Cebu-Butuan-Cebu (7x to 11x weekly);
Manila-Boracay (Caticlan)-Manila (86x to 91x weekly);
Cebu-Dumaguete-Cebu (3x to 7x weekly);
Cebu-Pagadian-Cebu (4x to 7x weekly).

Effective October 14,
Manila-Cagayan de Oro-Manila (6x to 7x daily);
Cebu-Davao-Cebu (24x to 28x weekly);
Manila-Cebu-Manila (80x to 87x weekly);
Manila-Coron (Busuanga)-Manila (2x to 3x daily);
Manila-Boracay (Caticlan)-Manila (13x to 14x daily);
Manila-Naga-Manila (3x to 4x daily).

Upgraded service from an ATR 72-500 to an Airbus A319:
Cebu-Ozamiz-Cebu (Daily);
Manila-Tuguegarao-Manila (Daily);
Cebu-Bacolod-Cebu (Daily);
Cebu-Cagayan de Oro-Cebu (Daily);
Cebu-Iloilo-Cebu (Daily);
Cebu-Tacloban-Cebu (Daily).

Manila ACC Blind

May 2, 2011

By Rainier Allan Ronda

MANILA, Philippines - An air traffic management system installed at the Ninoy Aquino International Airport (NAIA), worth P511 million, does not meet international civil aviation standards, according to the results of a technical audit made by the Department of Transportation and Communications (DOTC).

The audit, presented to the DOTC’s civil aviation officials during a meeting Friday, said the system has at least 20 major deficiencies or “non-conformity” to international aviation standards.

Technical personnel from the Civil Aviation Authority of the Philippines (CAAP) Aerodrome and Air Navigation Safety Oversight Office, who conducted the audit, warned DOTC officials that using the new Manila Area Control Center (ACC) may result in a disaster at the country’s major airports.

Two major airlines have alerted the CAAP to two “near-collisions” when the CAAP tested the system and used it to direct air traffic at the NAIA last March, they said.

The NAIA is currently using the old air traffic system, installed in the 1980s. When the old system broke down in 2009, the DOTC set up a $200-million Communications, Navigation and Surveillance/Air Traffic Management (CNS/ATM) systems for the Philippine airport network, with the Manila ACC as the backup. Neither system is in use.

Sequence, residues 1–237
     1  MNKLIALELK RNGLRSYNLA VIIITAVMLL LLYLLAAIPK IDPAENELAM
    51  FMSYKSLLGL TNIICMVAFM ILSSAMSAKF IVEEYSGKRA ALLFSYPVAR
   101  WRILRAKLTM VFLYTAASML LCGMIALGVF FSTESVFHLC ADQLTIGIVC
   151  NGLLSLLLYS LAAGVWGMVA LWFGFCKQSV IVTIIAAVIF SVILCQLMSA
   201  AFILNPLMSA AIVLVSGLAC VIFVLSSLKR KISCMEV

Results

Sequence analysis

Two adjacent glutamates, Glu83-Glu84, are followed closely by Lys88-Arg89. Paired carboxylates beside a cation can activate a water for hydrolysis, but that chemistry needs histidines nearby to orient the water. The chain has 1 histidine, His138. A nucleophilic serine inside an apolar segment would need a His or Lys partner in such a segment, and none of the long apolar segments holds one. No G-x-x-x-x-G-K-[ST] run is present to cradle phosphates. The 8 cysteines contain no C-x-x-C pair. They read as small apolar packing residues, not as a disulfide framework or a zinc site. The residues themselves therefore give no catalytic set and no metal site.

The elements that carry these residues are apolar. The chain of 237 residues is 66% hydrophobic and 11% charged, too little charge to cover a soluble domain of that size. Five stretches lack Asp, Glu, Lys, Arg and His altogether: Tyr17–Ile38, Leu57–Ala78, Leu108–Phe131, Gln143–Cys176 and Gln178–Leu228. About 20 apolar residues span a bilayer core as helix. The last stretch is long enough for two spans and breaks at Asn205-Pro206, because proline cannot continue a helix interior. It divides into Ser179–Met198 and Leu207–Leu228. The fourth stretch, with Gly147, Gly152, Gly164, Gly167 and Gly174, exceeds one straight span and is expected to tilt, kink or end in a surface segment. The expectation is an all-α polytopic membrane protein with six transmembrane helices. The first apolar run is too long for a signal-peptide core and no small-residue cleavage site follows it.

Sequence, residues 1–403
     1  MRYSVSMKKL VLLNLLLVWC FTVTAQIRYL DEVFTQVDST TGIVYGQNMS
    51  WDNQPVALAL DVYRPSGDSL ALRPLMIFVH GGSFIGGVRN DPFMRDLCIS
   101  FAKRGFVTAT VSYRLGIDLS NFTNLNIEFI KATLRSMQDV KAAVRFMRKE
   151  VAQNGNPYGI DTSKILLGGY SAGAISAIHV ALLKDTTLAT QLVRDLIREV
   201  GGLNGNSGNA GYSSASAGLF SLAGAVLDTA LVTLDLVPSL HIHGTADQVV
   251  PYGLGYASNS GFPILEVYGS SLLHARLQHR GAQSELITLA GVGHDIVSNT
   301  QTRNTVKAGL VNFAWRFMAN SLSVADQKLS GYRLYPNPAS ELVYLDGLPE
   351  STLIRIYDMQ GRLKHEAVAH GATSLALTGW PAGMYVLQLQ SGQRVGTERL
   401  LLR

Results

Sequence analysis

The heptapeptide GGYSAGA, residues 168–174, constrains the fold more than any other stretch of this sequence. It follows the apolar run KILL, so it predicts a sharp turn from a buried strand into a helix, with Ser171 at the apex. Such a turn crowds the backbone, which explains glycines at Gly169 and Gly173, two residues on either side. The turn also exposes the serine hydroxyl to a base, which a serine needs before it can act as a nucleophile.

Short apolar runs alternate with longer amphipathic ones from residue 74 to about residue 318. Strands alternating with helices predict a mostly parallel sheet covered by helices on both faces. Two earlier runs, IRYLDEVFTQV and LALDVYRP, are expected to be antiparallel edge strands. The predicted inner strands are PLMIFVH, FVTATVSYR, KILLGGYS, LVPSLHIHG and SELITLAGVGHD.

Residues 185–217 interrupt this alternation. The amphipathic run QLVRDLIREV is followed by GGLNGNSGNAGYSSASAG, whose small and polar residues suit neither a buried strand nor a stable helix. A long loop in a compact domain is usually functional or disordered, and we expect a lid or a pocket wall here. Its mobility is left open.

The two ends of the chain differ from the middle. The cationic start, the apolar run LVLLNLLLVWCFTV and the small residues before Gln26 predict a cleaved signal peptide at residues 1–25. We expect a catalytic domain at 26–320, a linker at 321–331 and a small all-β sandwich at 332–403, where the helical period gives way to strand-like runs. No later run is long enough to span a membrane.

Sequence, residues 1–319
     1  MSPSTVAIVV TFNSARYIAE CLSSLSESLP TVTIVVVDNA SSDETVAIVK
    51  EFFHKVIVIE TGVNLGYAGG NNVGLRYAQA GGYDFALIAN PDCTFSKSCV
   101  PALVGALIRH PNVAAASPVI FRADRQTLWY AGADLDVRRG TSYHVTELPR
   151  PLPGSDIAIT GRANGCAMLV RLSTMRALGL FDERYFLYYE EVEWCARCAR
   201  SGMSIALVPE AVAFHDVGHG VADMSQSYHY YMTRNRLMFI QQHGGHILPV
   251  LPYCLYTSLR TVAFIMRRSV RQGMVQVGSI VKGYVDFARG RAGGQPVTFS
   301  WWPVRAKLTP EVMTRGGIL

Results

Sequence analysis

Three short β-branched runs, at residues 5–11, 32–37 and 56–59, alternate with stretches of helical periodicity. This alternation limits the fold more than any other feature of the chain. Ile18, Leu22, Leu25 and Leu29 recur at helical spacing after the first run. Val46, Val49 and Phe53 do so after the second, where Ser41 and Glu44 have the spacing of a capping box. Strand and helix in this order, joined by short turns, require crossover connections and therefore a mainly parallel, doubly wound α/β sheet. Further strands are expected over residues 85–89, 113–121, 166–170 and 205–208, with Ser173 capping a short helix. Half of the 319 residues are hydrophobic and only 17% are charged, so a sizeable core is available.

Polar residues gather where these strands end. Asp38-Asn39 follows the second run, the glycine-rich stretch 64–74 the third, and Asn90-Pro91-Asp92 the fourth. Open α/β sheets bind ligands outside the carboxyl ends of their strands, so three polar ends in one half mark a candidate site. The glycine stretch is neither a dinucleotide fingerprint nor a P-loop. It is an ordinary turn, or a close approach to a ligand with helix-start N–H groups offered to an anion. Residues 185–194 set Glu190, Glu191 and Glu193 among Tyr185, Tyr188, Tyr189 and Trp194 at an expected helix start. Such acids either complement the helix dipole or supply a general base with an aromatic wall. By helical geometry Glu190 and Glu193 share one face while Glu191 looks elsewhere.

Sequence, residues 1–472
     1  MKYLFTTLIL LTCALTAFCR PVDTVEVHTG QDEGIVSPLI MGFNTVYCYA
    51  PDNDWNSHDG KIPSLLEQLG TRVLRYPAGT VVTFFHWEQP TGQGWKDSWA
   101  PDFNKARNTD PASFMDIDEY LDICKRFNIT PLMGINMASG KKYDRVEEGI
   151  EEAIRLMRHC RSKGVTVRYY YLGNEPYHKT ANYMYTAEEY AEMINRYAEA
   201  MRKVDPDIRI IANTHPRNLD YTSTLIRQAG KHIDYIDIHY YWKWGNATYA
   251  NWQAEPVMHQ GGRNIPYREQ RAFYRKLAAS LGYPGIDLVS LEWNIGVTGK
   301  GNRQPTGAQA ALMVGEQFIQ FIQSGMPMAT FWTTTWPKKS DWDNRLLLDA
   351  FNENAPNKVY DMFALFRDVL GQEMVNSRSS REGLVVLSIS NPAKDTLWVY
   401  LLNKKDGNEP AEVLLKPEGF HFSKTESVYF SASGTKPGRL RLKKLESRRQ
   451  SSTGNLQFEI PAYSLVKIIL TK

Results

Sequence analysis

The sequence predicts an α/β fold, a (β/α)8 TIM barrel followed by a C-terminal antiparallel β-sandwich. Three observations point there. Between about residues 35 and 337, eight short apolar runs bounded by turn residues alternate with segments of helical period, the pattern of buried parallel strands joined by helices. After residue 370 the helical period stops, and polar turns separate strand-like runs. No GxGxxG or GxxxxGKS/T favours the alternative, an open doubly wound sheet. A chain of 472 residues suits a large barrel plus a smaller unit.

The CAAP Employees Union (EU) earlier said the Manila ACC project is one of the graft-ridden projects undertaken by the DOTC during the Arroyo administration.

“Our air controllers don’t want to use it because it is not working and is problematic and they don’t want to be responsible if a tragedy occurs in the NAIA or in the other airport when they use it,” a source said.

No safety, error checks

Among the serious deficiencies cited in the audit report is a lack of provisions to make the system “error-tolerant.” The system was never assessed for safety nor was it checked if it met the strict standards of the International Civil Aviation Organization, the CAAP auditors said.

The CAAP-EU said there were serious irregularities in the project, and money was wasted in funding the Manila ACC, a system found to be unserviceable and lacking in vital “interconnections.”

The CAAP-EU urged the Aquino administration to investigate the original P291-million contract to set up the Manila ACC in 2010. The group said the DOTC allegedly paid for additional revisions that added P220 million to the project cost.

The Aquino administration should scrutinize the contractor that bagged the project, the Revere Construction and Supply-CS Soft, Inc.-Enhanced Electronics Communications Services joint venture, based in San, Juan, Batangas, the CAAP-EU said.

The workers said the DOTC, at the time of the bidding for the project, was headed by Secretary Leandro Mendoza, a resident of San Juan, Batangas.

The CAAP-EU provided The STAR a copy of the notice issued by the DOTC for a public bidding of the project in June 2009, noting that the DOTC’s special bids and awards committee was headed by Mendoza’s classmate in the Philippine Military Academy (PMA) and fellow retired police general, Doroteo Reyes II, who he appointed as undersecretary for civil aviation.

Before he was appointed to the post of undersecretary post, Reyes served as Mendoza’s head executive assistant at the DOTC.

Reyes’ brother, Domingo Reyes Jr. – another PMA graduate and retired police general – was appointed by Mendoza and served for several years as DOTC assistant secretary for finance and comptrollership.

The Commission on Audit, in their 2009 audit of the DOTC, aired concerns on unnecessary costs of setting up the CNS/ATM and the new Manila ACC.